Then came 2019. WHO created the position of chief scientist early that year, and appointed Dr Swaminathan to the role. Even as it was taking shape — she was pondering questions of how they should define their mission; what research they ought to push for — her questions were answered in a way she couldn’t have imagined, and wouldn’t have asked for.

Covid-19 struck.

Through the pandemic, until 2022, Dr Swaminathan served in this capacity, building a new science division and leading a team of 100 people to develop a roadmap for Covid-19 research and release new evidence-based guidelines for the public.

In her biography, At the Wheel of Research (March; Bloomsbury), written by Anuradha Mascarenhas, Dr Swaminathan talks about the panic and misinformation they battled, alongside the virus, and the anger, abuse and even death threats that she and other scientists received.

The book pays tribute to her parents: the teacher and educationist Mina Swaminathan, and of course MS Swaminathan, the man credited as the father of India’s Green Revolution.

Growing up on the Indian Agricultural Research Institute (then Pusa Institute) campus in Delhi, Dr Swaminathan recalls how she had wanted to be a vet and a geneticist. She speaks of how her dreams of a career in science were encouraged by her parents and by their friends, who included scientists and Nobel laureates such as CV Raman, Vikram Sarabhai and Norman Borlaug.

Eventually, she would choose another set of patients often unable to express their pain: children. Through her career, her parents’ values informed her work, she says.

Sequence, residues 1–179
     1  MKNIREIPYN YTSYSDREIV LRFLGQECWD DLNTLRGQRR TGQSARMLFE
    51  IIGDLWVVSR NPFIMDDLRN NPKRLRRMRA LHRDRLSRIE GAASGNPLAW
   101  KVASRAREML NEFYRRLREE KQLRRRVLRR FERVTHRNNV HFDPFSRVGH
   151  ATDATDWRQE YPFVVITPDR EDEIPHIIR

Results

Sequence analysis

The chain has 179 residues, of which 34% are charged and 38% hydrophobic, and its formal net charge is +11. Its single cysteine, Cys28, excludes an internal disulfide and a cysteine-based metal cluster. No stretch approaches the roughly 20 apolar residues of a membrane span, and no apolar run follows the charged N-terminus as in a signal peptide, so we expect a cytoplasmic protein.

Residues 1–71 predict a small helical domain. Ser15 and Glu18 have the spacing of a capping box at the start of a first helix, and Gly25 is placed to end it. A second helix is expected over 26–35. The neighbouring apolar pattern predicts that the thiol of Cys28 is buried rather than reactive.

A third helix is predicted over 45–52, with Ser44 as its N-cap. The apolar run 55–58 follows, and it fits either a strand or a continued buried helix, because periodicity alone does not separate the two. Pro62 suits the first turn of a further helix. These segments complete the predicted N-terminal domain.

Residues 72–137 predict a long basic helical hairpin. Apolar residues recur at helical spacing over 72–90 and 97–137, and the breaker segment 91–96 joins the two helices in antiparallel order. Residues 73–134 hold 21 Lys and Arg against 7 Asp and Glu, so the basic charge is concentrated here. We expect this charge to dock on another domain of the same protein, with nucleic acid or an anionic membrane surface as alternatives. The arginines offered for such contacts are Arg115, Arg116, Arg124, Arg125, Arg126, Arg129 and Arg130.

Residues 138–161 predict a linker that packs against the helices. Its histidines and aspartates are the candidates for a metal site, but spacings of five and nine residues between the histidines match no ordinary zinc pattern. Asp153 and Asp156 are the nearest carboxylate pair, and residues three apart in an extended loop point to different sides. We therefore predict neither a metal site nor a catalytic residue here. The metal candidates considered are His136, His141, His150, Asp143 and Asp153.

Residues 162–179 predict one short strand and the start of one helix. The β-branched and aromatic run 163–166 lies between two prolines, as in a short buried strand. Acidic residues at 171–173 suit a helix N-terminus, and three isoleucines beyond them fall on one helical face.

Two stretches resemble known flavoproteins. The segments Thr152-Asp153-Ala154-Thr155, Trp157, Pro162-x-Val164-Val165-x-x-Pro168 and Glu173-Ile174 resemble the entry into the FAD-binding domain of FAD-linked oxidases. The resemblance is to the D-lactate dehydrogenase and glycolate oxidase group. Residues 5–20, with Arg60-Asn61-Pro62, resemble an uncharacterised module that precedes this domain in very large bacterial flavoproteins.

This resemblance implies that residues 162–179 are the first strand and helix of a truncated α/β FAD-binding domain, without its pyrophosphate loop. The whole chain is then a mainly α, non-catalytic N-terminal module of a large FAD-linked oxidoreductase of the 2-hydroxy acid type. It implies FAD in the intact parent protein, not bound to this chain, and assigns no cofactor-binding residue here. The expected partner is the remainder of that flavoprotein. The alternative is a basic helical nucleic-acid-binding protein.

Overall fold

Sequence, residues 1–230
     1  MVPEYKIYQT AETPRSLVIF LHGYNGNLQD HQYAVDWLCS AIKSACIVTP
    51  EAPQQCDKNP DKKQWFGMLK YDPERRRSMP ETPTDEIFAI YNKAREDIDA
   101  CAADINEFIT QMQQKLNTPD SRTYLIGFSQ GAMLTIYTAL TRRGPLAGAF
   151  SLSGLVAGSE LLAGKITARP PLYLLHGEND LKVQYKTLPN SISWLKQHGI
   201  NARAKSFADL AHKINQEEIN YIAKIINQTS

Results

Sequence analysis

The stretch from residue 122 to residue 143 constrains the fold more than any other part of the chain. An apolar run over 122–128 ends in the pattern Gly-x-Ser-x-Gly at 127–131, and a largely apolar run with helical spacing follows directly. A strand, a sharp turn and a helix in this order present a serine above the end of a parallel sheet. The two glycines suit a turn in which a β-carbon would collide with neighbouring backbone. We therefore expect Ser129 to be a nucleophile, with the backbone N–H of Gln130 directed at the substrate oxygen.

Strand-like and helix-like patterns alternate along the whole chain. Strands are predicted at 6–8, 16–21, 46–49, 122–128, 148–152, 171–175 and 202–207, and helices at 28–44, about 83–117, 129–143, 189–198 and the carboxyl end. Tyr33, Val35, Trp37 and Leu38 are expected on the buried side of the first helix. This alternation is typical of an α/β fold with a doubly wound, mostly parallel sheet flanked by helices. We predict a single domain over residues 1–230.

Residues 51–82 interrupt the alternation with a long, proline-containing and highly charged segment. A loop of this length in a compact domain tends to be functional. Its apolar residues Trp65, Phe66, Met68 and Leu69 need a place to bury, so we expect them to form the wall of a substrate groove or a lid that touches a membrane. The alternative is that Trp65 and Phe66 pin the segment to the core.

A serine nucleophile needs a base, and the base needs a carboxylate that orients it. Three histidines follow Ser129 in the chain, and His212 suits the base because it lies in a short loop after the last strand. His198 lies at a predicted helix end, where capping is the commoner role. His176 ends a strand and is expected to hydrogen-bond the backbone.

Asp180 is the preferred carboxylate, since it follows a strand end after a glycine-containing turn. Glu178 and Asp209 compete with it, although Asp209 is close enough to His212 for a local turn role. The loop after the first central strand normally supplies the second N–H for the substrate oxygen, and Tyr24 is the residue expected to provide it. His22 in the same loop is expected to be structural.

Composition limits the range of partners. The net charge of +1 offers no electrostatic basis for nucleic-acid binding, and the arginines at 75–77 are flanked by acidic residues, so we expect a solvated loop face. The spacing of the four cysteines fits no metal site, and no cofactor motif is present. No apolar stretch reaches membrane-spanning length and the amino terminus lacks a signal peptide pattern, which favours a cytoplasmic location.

Her mother had helped found Mobile Crèches, the daycare programme for children of construction workers. “She was fearless and outspoken, and instilled in me and my two sisters a sense of social justice and equity. My father impressed upon us the importance of humility. I remember him saying the Green Revolution came about only because of the synergy between scientists, politicians and farmers, describing it as a symphony orchestra.”

In a time when a lot of lip service is paid to the idea of more women in STEM, her biography also pays tribute to allies from her early years. As a researcher at NIRT Chennai in the early 2000s, she recalls, she was reluctant to attend HIV-TB meets in New Delhi. Tired of being sidelined at these sessions, “which were dominated by older men”, she asked Dr PR Narayanan, then director of NIRT, to stop sending her there.

“He reminded me that I was the one working at the grassroots level, I was the technical expert, and that I probably knew more than most of the people in that room,” she recalls. “I realised I would have to push my way into a system that was clearly not built to be inclusive.”

As chairperson of the MS Swaminathan Research Foundation, Dr Swaminathan wants to continue her father’s mission of vital research, synergy and a symphony of change. She aims to make health a key focus area of the Foundation, with an eye on adapting healthcare systems to better cope with the demands of the unfolding climate emergency.

Training aanganwadi and ASHA workers, for instance, should be a priority, as heatwaves become more intense and more prolonged and floods more rampant, she says. Digital health innovations, possibly enhanced by artificial intelligence, will be the key to making the best use of data, to inform programmes and policies.

What gives her most hope, meanwhile, she adds, is the young people of today. “They are so confident and articulate. They know how to speak their minds and achieve their goals. If we really want to build a scientific cadre in India, we need to invest much more and much earlier, at the school-level,” she says, “to get more young people into science, and to support the continuation of careers, especially for women.”